No explanation for mysterious ‘lake music’ reported by many Yellowstone visitors

By Ruffin Prevost
Yellow Stone Gate

Yellowstone Lake and the rugged backcountry that surrounds it is a place where millions go seeking solitude and silence. Yet it in a well-documented but rarely discussed phenomenon, some visitors to the Lake area have experienced remarkable celestial sounds of unknown and unexplained origin.

“They resemble the ringing of telegraph wires or the humming of a swarm of bees, beginning softly in the distance, growing rapidly plainer until directly overhead, and then fading as rapidly in the opposite direction,” wrote Hiram M. Chittenden in 1895 in his book, “The Yellowstone National Park.”

Chittenden’s description is one of several in the historical record — as well as many more from popular anecdotal accounts — of strange sounds or “lake music” coming from the skies around Yellowstone Lake and Shoshone lake.

Chittenden was an accomplished engineer with rigorous scientific discipline who built roads and bridges in the park, as well as locks in Seattle’s Lake Washington Ship Canal. He was not given to idle speculation or unsubstantiated gossip about seemingly magical events.

But he is hardly the only — or even the first — prominent Yellowstone visitor to write about the strange and unexplained lake sounds.

Edwin Linton, a professor of biology at Washington and Jefferson College and a specialist in marine parasites was working in Yellowstone in the summer of 1890 as part of a project for the U.S. Fish Commission. Linton, his colleagues and his guides heard the mysterious sounds more than once during that trip, and he drew from his own diary entries when he wrote an account of the odd experience for the Nov. 3, 1893 edition of the prestigious journal Science.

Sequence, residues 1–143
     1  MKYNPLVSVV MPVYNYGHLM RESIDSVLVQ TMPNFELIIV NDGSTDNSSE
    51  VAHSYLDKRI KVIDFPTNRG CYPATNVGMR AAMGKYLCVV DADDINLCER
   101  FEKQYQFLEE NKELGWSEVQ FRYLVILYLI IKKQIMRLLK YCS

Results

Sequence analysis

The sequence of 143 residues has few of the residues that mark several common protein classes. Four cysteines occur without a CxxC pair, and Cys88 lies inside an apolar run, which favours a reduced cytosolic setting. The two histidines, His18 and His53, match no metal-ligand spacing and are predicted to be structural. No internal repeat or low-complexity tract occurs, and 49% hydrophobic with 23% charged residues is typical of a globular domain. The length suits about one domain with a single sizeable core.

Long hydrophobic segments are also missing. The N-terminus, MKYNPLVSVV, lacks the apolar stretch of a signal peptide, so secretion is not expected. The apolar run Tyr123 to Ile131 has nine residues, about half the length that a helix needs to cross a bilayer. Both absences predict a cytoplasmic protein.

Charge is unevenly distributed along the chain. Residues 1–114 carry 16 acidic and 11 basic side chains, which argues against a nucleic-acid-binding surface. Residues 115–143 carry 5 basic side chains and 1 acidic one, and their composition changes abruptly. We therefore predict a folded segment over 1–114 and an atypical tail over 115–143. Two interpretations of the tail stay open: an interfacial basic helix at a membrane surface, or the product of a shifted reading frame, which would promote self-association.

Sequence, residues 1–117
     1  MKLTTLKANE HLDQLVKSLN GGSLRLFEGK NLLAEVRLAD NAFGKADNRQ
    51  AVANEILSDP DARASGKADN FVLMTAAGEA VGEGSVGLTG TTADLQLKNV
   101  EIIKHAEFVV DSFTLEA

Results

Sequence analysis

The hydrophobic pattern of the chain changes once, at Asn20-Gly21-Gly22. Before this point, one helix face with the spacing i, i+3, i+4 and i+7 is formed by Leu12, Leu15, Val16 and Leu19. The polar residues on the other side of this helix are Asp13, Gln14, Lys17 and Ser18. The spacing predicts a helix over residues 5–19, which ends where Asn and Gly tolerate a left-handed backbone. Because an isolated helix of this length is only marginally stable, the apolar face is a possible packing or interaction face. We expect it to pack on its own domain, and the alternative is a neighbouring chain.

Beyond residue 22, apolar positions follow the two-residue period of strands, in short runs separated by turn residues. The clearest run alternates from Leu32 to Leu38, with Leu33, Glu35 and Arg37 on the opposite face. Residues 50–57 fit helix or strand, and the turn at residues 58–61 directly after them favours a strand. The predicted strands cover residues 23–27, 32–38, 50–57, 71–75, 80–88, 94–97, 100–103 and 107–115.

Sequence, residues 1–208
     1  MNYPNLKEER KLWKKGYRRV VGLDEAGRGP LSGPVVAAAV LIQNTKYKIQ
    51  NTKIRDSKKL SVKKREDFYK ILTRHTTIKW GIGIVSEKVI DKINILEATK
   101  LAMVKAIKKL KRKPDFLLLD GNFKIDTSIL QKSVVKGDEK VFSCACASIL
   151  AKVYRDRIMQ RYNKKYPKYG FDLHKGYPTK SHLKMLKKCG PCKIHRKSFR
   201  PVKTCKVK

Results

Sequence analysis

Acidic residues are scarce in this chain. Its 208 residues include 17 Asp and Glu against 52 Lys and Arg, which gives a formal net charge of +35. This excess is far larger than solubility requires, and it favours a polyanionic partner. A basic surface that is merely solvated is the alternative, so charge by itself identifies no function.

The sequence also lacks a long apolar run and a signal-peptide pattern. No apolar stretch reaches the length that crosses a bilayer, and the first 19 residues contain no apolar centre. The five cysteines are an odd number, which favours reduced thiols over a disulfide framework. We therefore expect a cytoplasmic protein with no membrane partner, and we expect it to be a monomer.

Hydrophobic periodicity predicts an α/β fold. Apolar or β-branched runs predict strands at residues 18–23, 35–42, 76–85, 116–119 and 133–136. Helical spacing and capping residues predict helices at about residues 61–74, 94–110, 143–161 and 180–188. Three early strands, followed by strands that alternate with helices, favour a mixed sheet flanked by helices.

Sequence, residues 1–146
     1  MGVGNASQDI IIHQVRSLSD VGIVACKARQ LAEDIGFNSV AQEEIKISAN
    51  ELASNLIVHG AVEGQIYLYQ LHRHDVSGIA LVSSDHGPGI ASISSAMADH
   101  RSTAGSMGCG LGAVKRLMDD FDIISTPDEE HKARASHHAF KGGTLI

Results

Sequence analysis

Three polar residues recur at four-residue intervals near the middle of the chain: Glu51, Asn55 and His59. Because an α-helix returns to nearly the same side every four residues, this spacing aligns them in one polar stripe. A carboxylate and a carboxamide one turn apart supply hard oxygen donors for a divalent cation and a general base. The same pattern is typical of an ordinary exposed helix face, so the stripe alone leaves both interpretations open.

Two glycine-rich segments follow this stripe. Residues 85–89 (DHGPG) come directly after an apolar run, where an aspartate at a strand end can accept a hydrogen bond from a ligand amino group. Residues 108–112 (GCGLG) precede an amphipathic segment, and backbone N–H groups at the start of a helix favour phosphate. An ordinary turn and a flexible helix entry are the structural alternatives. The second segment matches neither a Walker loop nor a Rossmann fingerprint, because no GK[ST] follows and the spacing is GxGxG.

“On the following morning, we heard the sound very plainly,” Linton wrote. “It appeared to begin directly overhead and to pass off across the sky, growing fainter and fainter towards the southwest. It appeared to be a rather indefinite, reverberating sound, characterized by a slight metallic resonance.”

Linton and others have described the sounds as “harp-like” or similar to human voices or the sound of metal cables crashing against each other, but no satisfactory explanation has yet been offered for their origin.

Lee Whittlesey, historian at Yellowstone Park and a longtime resident of the region, said that the Yellowstone Lake sounds aren’t often discussed by park insiders.

“You have to have a real interest in Yellowstone history to even be familiar with it,” said Whittlesey, who has written several books and articles about Yellowstone history. “There are a number of pieces written about it, but it’s often deeply buried in the literature,” he said.

Despite how far-fetched the phenomenon sounds, Whittlesey said he’s confident the sounds have existed and the historical accounts about them are credible. “It has been reported by too many people for it to be any kind of Bigfoot thing or something like that,” he said.

Respected scientists and prominent park figures have reported hearing the sounds, and accounts have appeared in books, journals and newspapers, Whittlesey said, although the last new written report may have been as far back as the 1930s.

Typically, accounts of the sounds state that they take place at or near Yellowstone Lake or Shoshone Lake on a clear day when there is little or no wind and the waters are still, usually in the morning. Geologist Frank H. Bradley explored and documented Yellowstone’s natural wonders as a member of the Hayden Expeditions, and wrote in 1873 about hearing odd sounds along the shore of Yellowstone Lake.

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